The Globe and MailMark Selby is the founder and CEO of Canada Nickel Co.

Blood diamonds, blood cobalt, and now blood nickel. Governments leading the global shift toward electric vehicles promise cleaner cities and a new era of sustainable energy and improved resource usage. But just as governments promote EVs on environmental grounds, manufacturers are forced to source nickel from a region enabling the wanton destruction of ecologically sensitive lands, reckless treatment of workers, and the fundamental deterioration of living conditions. There is only one solution to this problem: the world needs more Canadian nickel.

Chinese and Indonesian companies mining and processing nickel The two processes that Chinese companies use to produce nickel in Indonesia come with a heavy environmental footprint. One uses large amounts of coal and coal-fired electricity, resulting in nickel products with a carbon footprint of 50 to 80 tonnes of CO2 per tonne of nickel. That compares with less than five tonnes of CO2 for Canadian ultramafic nickel deposits, and certain Canadian deposits which capture enough CO2 to have a net negative carbon footprint. The other uses high-pressure acid leaching, which results in large volumes of chemically reactive tailings that are either dumped in the ocean or stored on land in a seismic region and monsoon rainfall climate. Neither are conducive to the safe storage of tailings.on the east coast of Sulawesi and the surrounding Indonesian islands are responsible for a long series of tragic and fatal work accidents. Buried under slag, crushed by heavy equipment, and killed in falls, workers in Indonesian nickel mines and processing plants face conditions that thankfully have been largely eliminated from Western workplaces. And the communities that surround them suffer daily from heavy pollution.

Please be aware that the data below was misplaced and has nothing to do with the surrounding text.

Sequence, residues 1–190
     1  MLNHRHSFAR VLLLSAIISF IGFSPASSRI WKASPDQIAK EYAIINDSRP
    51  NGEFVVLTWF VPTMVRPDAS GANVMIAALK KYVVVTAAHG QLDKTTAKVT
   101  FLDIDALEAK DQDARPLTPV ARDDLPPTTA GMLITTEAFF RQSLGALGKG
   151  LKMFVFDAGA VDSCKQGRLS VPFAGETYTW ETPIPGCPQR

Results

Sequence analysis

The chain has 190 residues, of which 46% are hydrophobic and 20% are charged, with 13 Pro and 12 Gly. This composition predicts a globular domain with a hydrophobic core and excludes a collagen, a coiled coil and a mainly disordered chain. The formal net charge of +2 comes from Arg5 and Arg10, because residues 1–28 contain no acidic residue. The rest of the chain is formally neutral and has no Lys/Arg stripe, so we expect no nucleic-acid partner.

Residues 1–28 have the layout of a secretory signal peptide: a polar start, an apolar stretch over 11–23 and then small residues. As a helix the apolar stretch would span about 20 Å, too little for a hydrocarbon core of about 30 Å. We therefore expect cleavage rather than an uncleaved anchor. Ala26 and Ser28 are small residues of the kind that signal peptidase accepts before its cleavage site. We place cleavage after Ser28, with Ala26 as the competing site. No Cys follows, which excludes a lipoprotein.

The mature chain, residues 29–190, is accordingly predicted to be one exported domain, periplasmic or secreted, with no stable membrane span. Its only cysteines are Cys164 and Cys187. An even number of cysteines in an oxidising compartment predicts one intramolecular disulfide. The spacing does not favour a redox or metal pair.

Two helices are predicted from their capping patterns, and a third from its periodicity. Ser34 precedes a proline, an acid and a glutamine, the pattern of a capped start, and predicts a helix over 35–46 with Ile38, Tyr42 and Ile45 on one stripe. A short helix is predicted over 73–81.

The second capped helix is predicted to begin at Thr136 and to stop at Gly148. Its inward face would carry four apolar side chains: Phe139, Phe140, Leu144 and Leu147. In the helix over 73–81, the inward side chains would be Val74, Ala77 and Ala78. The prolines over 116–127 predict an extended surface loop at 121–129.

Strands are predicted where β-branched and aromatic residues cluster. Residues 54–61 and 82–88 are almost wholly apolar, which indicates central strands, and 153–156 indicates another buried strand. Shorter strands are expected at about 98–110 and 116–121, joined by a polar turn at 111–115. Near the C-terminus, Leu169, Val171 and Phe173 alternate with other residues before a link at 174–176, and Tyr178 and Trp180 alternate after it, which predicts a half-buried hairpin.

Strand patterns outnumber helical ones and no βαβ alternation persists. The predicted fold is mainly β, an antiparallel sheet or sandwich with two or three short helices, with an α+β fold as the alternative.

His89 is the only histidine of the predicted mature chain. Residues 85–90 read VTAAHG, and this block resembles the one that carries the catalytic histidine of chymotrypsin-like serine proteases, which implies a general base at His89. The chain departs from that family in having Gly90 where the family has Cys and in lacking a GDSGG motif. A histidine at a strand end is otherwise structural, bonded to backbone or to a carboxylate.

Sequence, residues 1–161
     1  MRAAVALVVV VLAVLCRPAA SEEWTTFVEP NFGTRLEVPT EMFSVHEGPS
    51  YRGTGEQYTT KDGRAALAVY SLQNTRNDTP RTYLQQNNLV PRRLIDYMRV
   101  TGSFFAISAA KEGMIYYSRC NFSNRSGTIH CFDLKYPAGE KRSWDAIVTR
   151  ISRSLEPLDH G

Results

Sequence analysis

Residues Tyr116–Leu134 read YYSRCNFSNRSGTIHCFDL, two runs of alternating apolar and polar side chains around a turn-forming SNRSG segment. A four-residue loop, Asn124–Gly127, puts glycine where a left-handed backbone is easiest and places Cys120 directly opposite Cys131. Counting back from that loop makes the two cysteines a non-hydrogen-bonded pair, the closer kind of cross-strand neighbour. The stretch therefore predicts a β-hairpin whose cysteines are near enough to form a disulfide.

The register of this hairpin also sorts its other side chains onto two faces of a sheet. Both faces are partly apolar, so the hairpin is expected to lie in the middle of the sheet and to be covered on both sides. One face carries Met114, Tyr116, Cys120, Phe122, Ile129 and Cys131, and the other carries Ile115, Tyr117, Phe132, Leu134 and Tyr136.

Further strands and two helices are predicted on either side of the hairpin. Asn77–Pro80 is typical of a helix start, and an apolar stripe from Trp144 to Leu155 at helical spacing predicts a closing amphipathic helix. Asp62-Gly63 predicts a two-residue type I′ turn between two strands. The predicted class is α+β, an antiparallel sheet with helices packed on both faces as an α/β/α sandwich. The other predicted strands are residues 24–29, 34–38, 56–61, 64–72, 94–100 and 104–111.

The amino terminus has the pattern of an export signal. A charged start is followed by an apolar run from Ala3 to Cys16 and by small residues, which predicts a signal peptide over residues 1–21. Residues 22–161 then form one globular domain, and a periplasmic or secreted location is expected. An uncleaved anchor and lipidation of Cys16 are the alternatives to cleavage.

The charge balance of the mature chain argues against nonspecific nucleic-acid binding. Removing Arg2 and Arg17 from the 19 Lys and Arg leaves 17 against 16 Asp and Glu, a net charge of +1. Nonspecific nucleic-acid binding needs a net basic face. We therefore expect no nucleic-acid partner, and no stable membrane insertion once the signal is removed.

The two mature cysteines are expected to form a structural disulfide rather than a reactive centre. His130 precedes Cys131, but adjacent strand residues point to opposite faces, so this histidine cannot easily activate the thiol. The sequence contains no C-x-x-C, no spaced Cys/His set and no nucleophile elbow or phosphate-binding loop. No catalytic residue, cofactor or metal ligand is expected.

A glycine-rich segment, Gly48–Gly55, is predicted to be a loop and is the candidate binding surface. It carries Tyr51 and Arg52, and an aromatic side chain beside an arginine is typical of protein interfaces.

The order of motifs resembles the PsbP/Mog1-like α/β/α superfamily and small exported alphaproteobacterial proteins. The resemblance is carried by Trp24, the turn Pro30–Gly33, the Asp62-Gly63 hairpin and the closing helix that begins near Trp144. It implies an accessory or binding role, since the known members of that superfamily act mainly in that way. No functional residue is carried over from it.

From 2015 to 2022, Trend Asia, an NGO based in Jakarta, tracked 53 fatalities at Indonesian nickel facilities. In the first 11 months of 2023, it recorded 17. The data around injuries, unfortunately, is much harder to come by and often goes unrecorded.

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